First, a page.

Digital access / Makerspaces / Technology

Fab Lab Baltimore: CCBC makerspace part of international MIT network [VIDEO]

CCBC's two-year-old lab is "the only Fab Lab in the whole Mid-Atlantic region," said Kelly Zona, manager of Fab Lab Baltimore.

The ShopBot CNC router at Fab Lab Baltimore.
Update 5/6/13 5:21 p.m.: An earlier version of this article incorrectly stated that Fab Lab Baltimore was the only lab in the Mid-Atlantic associated with MIT's international network. Fab Lab D.C. is also part of the MIT network. We've made the correction to the article.

“Analysts” claim that 3D printing is about to go “mainstream.” And while the $2,200 price tag on MakerBot‘s desktop 3D printer is an improvement in cost, it doesn’t look as if 3D printers will be as ubiquitous as iPhones anytime soon.

One of the lab's 3D printers.

One of the lab’s 3D printers.

But for people in the Baltimore area interested in making their own 3D-printed goods, the MakerBot inside Fab Lab Baltimore at the Catonsville campus of the Community College of Baltimore County (CCBC) is open for anyone’s use.
CCBC’s two-year-old lab is “the only Fab Lab in the whole Mid-Atlantic region” that is operational right now, said Kelly Zona, manager of Fab Lab Baltimore since March 2012. There’s Fab Lab D.C., too, which doesn’t yet have “regular open hours,” said Zona, but does host workshops and events.
Both the Baltimore and D.C. labs are part of the international network of Fab Labs associated with MIT’s Center for Bits and Atoms, all of which must “share core capabilities” by having available similar machines and digital fabrication tools.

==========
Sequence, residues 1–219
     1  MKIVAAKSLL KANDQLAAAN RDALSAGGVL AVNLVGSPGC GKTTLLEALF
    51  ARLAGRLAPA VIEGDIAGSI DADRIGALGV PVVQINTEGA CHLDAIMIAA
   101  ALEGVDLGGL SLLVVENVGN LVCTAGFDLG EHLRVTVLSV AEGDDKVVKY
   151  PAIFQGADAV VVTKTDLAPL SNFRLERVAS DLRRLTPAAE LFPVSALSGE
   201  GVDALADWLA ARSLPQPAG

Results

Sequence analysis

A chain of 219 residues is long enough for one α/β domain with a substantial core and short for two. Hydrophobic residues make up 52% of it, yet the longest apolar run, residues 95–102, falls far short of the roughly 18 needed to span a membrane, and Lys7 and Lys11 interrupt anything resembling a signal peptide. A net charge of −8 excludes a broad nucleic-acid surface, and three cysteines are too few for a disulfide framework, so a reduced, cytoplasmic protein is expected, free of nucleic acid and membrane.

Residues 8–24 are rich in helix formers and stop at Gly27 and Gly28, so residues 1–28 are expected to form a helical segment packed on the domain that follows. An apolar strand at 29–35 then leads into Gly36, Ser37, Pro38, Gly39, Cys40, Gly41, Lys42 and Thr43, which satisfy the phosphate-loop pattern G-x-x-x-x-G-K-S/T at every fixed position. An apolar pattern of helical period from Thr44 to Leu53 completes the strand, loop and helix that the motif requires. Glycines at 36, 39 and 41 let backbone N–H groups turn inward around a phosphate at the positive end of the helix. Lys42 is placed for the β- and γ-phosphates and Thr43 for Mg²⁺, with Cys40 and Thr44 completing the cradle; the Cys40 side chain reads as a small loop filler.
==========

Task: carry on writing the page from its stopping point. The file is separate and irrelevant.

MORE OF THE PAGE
(Makerspaces in other parts of the region might quibble with the distinction, but it’s one the Fab Lab makes.)
Inside Fab Lab Baltimore, with workstations in the foreground.

Inside Fab Lab Baltimore, with workstations in the foreground.

At CCBC, makers will find:

  • A ShopBot CNC router for cutting wood and metal
  • A vinyl cutter and a laser cutter
  • A 3D scanner
  • Two 3D printers, including one MakerBot, with two more 3D printers from Athena on the way, Zona said.
  • 10 computers in order to learn the software needed to take advantage of the equipment

Laser cutter.

Laser cutter.

Makers generally bring their own materials, cardboard and such, said Kenneth Burch, director of the TIME Center, where Fab Lab Baltimore is located on CCBC’s campus, although there are materials available at the lab for a cost.
“We’re here as the community’s resource,” said Zona, who mentioned that, for awhile, people had thought they needed to be taking classes at CCBC in order to use the lab.
To dispel the myth, Fab Lab Baltimore at CCBC is holding an “Innovation Fest” tomorrow from 10 a.m. to noon. It’s more of an open house than anything else — a chance for people to meet “some of our more prolific makers,” Zona said, and see what goes on inside the lab.
Vinyl cutter

Vinyl cutter.

There is, however, one class people must take before gaining access to use the lab: a three-hour introductory course that surveys each of the machines and their functions. Zona said, possibly starting as early as next fall, the one big introductory course will be broken down into smaller, more in-depth classes focused solely on 3D printing, or using the ShopBot.
Watch a video about Fab Lab Baltimore:

Companies: MakerBot

Knowledge is power!

Subscribe for free today and stay up to date with news and tips you need to grow your career and connect with our vibrant tech community.


WeWork approached physical space as if it were virtual — which led to the company’s downfall just hired an entrepreneur turned public media exec to lead our newsroom

The Tech Behind: How Baltimore's Washington Monument gets lit every winter holiday

Baltimore, let’s celebrate: You picked these 5 winners for your 2023 Awards

Technically Media